Net Promoter Score: The Most Useless Metric of All
A number of organisations use a customer service metric known as "Net Promoter", first suggested in the Harvard Business Review. Indeed, it is so common that apparently two-thirds of Fortune 500 companies are using the metric. It simply asks a single question: "How likely is it that you would recommend [company X] to a friend or colleague?". The typical scoring for the answer is a one to ten scale, with a value of 9 or 10 considered a "promoter" score, a 7 or 8 a "neutral" score, and a 0 to 6 a "detractor" score. The Net Promoter Score is calculated by subtracting the percentage of responders who are Detractors from the percentage of responders who are Promoters. It is a simple and blunt instrument and it's entirely the wrong tool to use.
To begin with, it fails of the most elementary mathematics. There is nothing to be gained from providing a score that provides an 11 point range from 0-10, yet only calculates a score from values of promoter, neutral, and detractor. In the Net Promoter system, a score of 6 is just as much a detractor as responder who provides a score of 0, despite what should be a glaringly obvious difference in reaction. It is stunning that a journal with the alleged quality of the Harvard Business Review didn't notice this - let alone the authors of the article.
Secondly, it conflates subjective responses with a quantitative value. What does a score of "6" mean anyway? According to the designers of the NPS, it's a detractor, a fail. Yet there is no guarantee that a responder interprets the value that way. In most assessment systems a "6" is a pass - and more to the point a "7" or "8" is considered a distinction grade; the latter would result in a cum laude or even magna cum laude in most universities. But in the NPS, it is merely a "neutral" result. The problem being of course, unless the individual is provided qualitative guidance with the values (which most organisations or applications don't do), there is no way of determining what their subjective score of 0-10 really reflects. Numerical values cannot be translated to qualitative values unless all parties are provided a means for correlation.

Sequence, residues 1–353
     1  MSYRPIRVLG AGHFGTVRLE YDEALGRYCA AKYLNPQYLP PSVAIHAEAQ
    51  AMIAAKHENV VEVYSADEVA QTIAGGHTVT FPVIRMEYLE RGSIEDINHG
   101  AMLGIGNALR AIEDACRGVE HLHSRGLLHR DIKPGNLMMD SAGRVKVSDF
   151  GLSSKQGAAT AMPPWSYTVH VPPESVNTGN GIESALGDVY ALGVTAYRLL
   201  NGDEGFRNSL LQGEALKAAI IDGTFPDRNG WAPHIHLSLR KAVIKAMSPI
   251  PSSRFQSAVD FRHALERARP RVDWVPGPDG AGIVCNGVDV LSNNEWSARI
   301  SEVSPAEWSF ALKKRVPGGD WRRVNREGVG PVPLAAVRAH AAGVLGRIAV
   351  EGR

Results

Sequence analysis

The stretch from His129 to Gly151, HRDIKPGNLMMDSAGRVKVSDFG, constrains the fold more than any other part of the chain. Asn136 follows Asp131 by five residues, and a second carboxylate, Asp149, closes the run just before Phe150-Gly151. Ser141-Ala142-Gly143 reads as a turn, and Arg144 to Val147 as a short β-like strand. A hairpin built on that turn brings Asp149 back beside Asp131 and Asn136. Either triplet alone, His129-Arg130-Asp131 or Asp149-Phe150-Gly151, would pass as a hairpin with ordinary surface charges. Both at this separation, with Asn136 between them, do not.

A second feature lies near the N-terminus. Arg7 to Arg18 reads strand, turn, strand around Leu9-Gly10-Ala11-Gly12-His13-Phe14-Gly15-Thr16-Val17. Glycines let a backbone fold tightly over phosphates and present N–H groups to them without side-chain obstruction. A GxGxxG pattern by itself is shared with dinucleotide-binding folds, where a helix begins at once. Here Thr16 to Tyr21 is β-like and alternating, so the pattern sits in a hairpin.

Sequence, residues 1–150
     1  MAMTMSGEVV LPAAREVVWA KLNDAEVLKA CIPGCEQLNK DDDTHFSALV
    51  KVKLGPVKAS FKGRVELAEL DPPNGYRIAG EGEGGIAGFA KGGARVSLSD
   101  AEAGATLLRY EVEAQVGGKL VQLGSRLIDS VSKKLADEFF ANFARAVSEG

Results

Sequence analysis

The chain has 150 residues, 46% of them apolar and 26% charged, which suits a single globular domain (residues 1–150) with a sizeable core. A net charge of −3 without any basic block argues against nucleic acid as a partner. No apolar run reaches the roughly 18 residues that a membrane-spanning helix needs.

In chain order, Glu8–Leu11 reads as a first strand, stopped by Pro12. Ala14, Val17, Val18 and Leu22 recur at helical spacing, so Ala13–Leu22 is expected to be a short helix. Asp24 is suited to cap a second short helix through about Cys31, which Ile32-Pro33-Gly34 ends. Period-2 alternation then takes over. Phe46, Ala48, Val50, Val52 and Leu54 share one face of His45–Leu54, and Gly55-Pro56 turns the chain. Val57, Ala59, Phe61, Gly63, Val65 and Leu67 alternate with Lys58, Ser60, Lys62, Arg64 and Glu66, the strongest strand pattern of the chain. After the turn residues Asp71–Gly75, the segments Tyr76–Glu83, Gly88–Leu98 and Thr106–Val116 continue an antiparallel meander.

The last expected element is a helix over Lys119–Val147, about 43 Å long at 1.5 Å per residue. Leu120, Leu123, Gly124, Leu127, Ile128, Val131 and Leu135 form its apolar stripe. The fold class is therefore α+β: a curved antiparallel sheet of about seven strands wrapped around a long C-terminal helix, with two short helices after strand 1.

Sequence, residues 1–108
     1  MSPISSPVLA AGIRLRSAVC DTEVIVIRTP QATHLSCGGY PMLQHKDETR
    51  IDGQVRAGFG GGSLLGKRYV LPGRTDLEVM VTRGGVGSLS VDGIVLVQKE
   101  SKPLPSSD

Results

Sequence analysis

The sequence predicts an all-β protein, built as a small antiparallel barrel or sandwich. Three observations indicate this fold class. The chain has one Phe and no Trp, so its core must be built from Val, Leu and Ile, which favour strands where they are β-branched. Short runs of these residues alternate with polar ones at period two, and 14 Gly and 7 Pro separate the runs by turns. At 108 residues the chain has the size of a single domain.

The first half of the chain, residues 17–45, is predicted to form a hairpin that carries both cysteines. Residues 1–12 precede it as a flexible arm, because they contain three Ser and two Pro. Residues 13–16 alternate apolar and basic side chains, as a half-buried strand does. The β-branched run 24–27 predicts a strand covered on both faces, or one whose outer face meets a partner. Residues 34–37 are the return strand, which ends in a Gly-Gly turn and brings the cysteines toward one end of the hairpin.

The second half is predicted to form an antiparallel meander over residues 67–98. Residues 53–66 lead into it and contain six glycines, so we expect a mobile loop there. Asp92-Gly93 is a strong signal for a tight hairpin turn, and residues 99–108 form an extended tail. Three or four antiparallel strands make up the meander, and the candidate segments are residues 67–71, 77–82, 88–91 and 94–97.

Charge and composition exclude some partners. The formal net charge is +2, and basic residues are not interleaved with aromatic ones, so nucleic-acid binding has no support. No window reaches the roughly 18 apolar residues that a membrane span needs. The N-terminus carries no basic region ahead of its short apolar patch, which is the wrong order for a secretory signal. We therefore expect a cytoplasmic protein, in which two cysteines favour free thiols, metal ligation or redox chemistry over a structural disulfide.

Thirdly, a single-value NPS provides no information to act upon. What does it mean that a respondent would or would not recommend a company, product, or service? Even assuming that the graduation is in place that matches values with scale, and qualitative assessment to numerical values, the answers still providing nothing to act upon. Is it the company or service as a whole that has resulted in the evaluation? Is it a part of company or service? Could it be, for a detractor, that the product or service was something that they thought they needed, but actually didn't? Unless the score is supplemented with an opportunity for a responder to explain their evaluation, there is no way that it creates an opportunity for action.
Given these errors, it is perhaps unsurprising that an unmodified "Net Promoter" method of measuring customer satisfaction ranked last in an extensive study by Schneider et al. in terms of predictive capability. Granted, some information is better than no information, and people do prefer shorter surveys to longer surveys. But as designed in its pure form, using a Net Promoter score is almost as bad as not collecting respondent data at all. A short survey which breaks up the item being reviewed into equal composite components, which guides subjective values to numerical values, which provides an opportunity for free-text qualitative information, and which measures metrics along the scale (with mean and distribution) will always be far more effective measurement of both a respondent's satisfaction, and an organisation's opportunity for action. As it is writ, the NPS should be avoided in all circumstances.